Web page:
38. Gaius X
    September 17th, 2014 at 15:18 | #38

    Is faustusnotes on the turps? ISIS/ISIL beheads civilian hostages such as journalists, executes and rapes civilians who aren’t Sunni Muslim like the Yazidis and conducts suicide bombings in marketplaces etc. If they aren’t terrorists, no one is.

  39. September 17th, 2014 at 15:27 | #39

    that’s right Ken, it does not follow that because we broke Iraq we have the capacity to fix it. But it does follow that we have the responsibility. We can choose not to use our capacity to address our responsibility.We may not be able to address our responsibility.

    Ikonoklast, Global Firepower ranks Syria 26th in the world. It has more tanks than Turkey and half the aircraft (473); frontline personnel of 170,000. How’s the war against ISIS’s 30,000 frontline personnel going for Syria? Well? You think they maybe aren’t trying? You have any idea why the world’s 26th most powerful army has failed to defeat an insurgent band of 30,000 soldiers who are so confident in their control of their Syrian territory that they have opened 2 more fronts (Iraq and Kurdistan) while also fighting another insurgent band (and winning) inside Syria? And destroying/absorbing other terrorist groups in the process?

    You ask “is it our Syria and Iraq”? It is most assuredly our Iraq. We broke it, we re-armed it, we own the government, it is our failings that opened this little backdoor into hell. Until Iraq has a functioning state of its own, yes we own it. It’s just childish and petty for Australia, the UK and the US to walk away from protecting and rebuilding a nation that we destroyed; and more than that, it’s a great shame on us, and a crime, such as we haven’t seen in generations. Truly, this and the previous generation of politicians (and by extension, voters) are a sordid and pathetic lot.

  40. TerjeP
    September 17th, 2014 at 15:37 | #40

    @faustusnotes

    So what exactly is the Iraq government responsible for? Anything?

  41. September 17th, 2014 at 15:41 | #41

    Well for starters TejeP, forming.

    Gaius X, I didn’t say that they don’t terrorize people (I pointed out that they declare this openly!), but that doesn’t make them terrorists anymore than WW2 fliers were terrorists for doing terror bombing. Words have meaning, you know. They are soldiers. Also they explicitly reject marketplace suicide bombs, and have had points of doctrinal difference (resolved quite unpleasantly, I think) with terrorist groups that do this. They don’t seem to view what they do to the Yazidis as terror: they seem more inclined to call it genocide.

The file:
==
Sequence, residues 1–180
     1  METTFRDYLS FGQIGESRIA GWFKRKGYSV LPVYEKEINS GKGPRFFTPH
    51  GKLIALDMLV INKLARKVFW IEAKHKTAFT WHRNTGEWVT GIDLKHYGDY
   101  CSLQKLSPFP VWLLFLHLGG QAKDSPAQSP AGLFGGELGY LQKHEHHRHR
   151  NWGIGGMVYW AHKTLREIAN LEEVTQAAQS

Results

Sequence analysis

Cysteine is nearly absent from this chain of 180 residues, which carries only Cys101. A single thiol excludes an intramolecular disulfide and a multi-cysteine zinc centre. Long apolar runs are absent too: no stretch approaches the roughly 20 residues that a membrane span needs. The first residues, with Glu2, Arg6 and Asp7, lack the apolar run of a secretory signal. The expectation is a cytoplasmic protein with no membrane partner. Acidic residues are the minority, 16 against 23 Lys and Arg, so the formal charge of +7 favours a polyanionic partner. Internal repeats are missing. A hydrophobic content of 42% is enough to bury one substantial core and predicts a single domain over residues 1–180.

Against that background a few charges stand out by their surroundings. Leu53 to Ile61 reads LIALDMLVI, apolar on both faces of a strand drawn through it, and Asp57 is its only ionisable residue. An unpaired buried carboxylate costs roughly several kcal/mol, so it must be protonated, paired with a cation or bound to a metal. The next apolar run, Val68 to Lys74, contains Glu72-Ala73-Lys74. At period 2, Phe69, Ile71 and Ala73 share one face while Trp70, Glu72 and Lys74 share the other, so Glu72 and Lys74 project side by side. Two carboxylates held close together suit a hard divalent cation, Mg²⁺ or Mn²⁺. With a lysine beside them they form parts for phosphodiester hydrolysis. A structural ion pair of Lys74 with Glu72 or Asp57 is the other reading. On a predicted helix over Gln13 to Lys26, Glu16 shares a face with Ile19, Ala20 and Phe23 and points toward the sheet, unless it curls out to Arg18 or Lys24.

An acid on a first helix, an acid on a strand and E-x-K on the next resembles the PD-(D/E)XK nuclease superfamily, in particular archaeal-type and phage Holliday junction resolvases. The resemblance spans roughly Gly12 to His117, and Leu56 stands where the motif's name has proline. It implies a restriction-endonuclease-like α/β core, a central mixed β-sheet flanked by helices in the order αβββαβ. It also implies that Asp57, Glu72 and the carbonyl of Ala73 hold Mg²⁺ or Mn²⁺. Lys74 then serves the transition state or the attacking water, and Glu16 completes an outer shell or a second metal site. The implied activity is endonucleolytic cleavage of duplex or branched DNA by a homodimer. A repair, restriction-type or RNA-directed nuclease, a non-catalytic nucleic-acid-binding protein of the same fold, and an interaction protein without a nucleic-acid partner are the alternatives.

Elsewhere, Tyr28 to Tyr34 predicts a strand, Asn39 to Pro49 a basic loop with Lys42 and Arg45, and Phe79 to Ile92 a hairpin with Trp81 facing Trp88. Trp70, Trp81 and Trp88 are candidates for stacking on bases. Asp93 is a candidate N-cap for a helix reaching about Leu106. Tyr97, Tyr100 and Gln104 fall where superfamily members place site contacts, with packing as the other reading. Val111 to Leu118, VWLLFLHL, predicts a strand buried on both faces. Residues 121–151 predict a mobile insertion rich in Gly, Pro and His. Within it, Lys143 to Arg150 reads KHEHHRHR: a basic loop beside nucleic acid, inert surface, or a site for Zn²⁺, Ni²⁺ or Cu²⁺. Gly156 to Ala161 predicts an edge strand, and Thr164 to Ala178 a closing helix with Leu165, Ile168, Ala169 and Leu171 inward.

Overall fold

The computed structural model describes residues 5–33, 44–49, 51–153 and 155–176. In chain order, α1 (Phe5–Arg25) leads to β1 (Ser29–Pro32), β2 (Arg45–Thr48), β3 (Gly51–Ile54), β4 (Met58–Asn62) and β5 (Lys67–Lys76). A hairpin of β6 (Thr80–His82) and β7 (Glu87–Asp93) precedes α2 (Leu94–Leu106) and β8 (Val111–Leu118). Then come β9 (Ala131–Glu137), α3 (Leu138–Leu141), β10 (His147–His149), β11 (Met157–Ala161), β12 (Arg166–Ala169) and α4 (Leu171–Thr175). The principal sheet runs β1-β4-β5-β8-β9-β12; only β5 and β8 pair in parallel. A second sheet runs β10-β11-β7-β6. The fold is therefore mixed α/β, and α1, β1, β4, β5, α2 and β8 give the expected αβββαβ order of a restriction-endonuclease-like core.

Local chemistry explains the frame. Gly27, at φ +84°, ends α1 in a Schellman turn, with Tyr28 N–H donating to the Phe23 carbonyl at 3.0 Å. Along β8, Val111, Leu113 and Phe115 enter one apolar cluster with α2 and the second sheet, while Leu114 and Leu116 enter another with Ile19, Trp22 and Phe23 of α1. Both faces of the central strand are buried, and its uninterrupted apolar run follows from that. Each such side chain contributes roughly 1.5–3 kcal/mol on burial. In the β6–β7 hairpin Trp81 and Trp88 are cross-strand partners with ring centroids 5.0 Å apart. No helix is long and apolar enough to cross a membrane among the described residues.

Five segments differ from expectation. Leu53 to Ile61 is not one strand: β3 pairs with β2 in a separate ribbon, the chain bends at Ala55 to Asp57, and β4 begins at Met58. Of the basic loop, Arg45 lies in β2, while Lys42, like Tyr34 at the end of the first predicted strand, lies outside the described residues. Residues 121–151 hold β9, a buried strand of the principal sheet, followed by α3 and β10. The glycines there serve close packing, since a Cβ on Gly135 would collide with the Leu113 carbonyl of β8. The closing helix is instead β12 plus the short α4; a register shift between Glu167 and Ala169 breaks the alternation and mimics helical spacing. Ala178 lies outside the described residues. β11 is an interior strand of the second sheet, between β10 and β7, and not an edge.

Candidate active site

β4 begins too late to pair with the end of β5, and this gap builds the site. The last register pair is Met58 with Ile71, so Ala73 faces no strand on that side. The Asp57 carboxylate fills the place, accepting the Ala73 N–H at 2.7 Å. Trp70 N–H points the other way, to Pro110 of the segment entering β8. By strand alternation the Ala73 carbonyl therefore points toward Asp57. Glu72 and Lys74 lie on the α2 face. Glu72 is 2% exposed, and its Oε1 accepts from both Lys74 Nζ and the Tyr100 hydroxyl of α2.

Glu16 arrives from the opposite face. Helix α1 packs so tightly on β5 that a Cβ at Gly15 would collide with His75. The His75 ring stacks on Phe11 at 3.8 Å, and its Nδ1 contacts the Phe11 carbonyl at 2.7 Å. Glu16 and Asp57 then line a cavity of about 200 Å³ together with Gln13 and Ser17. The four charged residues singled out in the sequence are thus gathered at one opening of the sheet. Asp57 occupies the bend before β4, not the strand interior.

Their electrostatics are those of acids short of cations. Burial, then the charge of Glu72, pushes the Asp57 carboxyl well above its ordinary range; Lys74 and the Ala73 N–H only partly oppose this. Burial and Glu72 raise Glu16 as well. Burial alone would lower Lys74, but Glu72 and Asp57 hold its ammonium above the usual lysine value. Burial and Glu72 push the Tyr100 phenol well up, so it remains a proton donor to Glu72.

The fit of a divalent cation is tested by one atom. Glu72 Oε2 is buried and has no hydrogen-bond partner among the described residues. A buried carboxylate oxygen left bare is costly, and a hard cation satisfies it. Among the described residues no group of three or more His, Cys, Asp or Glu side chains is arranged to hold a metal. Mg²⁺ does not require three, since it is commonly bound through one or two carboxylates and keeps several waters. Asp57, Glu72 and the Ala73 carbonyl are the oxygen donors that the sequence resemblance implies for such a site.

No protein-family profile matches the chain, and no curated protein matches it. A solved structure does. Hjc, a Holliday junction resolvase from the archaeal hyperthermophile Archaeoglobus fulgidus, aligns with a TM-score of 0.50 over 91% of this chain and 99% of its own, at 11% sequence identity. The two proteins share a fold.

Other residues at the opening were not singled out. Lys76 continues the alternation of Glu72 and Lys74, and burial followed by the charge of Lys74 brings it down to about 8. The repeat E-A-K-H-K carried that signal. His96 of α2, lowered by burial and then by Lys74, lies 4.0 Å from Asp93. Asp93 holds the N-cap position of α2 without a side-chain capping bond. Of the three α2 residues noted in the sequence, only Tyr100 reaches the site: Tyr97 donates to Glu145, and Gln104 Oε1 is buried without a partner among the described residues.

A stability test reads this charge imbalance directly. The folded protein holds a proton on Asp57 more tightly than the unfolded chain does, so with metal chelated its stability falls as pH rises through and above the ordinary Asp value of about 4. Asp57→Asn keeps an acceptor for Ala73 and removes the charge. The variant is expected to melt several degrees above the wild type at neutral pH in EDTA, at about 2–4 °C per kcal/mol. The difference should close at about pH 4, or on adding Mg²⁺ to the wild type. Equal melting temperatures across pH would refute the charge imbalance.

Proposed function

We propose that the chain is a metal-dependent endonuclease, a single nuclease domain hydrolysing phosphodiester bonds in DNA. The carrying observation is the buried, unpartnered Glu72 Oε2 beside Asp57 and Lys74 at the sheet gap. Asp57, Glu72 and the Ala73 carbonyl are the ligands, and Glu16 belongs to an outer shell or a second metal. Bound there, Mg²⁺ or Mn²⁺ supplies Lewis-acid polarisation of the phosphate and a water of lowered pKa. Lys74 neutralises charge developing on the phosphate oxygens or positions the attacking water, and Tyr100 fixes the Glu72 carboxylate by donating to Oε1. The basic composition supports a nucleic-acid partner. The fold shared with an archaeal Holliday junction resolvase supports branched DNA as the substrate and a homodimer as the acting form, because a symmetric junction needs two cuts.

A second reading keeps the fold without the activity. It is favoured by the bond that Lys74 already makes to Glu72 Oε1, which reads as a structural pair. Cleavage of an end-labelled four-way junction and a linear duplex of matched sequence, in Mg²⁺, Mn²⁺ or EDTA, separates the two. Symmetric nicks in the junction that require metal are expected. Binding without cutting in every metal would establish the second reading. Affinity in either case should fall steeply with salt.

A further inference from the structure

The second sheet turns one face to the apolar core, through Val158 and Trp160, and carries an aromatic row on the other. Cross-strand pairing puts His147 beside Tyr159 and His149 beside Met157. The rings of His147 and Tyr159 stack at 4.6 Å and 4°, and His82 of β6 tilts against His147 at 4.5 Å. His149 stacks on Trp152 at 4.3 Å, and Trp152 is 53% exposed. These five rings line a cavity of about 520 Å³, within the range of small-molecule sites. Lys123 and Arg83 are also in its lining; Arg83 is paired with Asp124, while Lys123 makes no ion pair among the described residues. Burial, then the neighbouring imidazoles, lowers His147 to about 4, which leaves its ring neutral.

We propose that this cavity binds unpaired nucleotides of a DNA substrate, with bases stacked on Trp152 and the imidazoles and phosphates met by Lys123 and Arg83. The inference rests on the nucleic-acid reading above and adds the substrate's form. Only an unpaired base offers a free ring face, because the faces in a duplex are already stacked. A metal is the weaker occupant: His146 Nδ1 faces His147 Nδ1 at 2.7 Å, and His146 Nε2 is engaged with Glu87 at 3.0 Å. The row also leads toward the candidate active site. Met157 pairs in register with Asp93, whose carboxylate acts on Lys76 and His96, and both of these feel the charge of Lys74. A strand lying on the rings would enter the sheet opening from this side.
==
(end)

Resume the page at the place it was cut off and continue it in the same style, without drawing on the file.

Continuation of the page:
If you can’t put these organizations in their proper perspective and assess them based on their purpose and principles, you won’t get very far understanding what they’re doing or how to handle them.

  42. Gaius X
    September 17th, 2014 at 15:42 | #42

    Lol. Iraq was already broke. Removing a dictator and trying to help the locals set up a democracy doesn’t make us liable for the misdeeds of the locals. The locals wasted an opportunity that was handed to them on a golden platter and must now live with the consequences. The only thing we are arguably responsible for is allowing Australian citizens to join the bloodbath.

  43. Ikonoclast
    September 17th, 2014 at 15:52 | #43

    @faustusnotes

    If I hung out a shingle to say I was a surgeon, despite having no medical qualifications, and then proceeded to horribly botch an operation on someone, would it be “my responsibility to fix it up” by further surgical intervention? No, I would criminally responsible but it would become perforce someone else’s responsibility to correct my botch-up if possible. Very likely if I had a house and some money, when I went to court I would be ordered to pay for all medical costs, exemplary damages and be sent to jail. That very possibly is what should happen here. G.W. Bush, T. Blair, J. W. Howard and their advisers, cabinets etc. should go to the Hague to be tried. Part of such a case should determine reparations and exemplary damages from our nations and how these are to be applied to the injured nations. That’s if you want justice.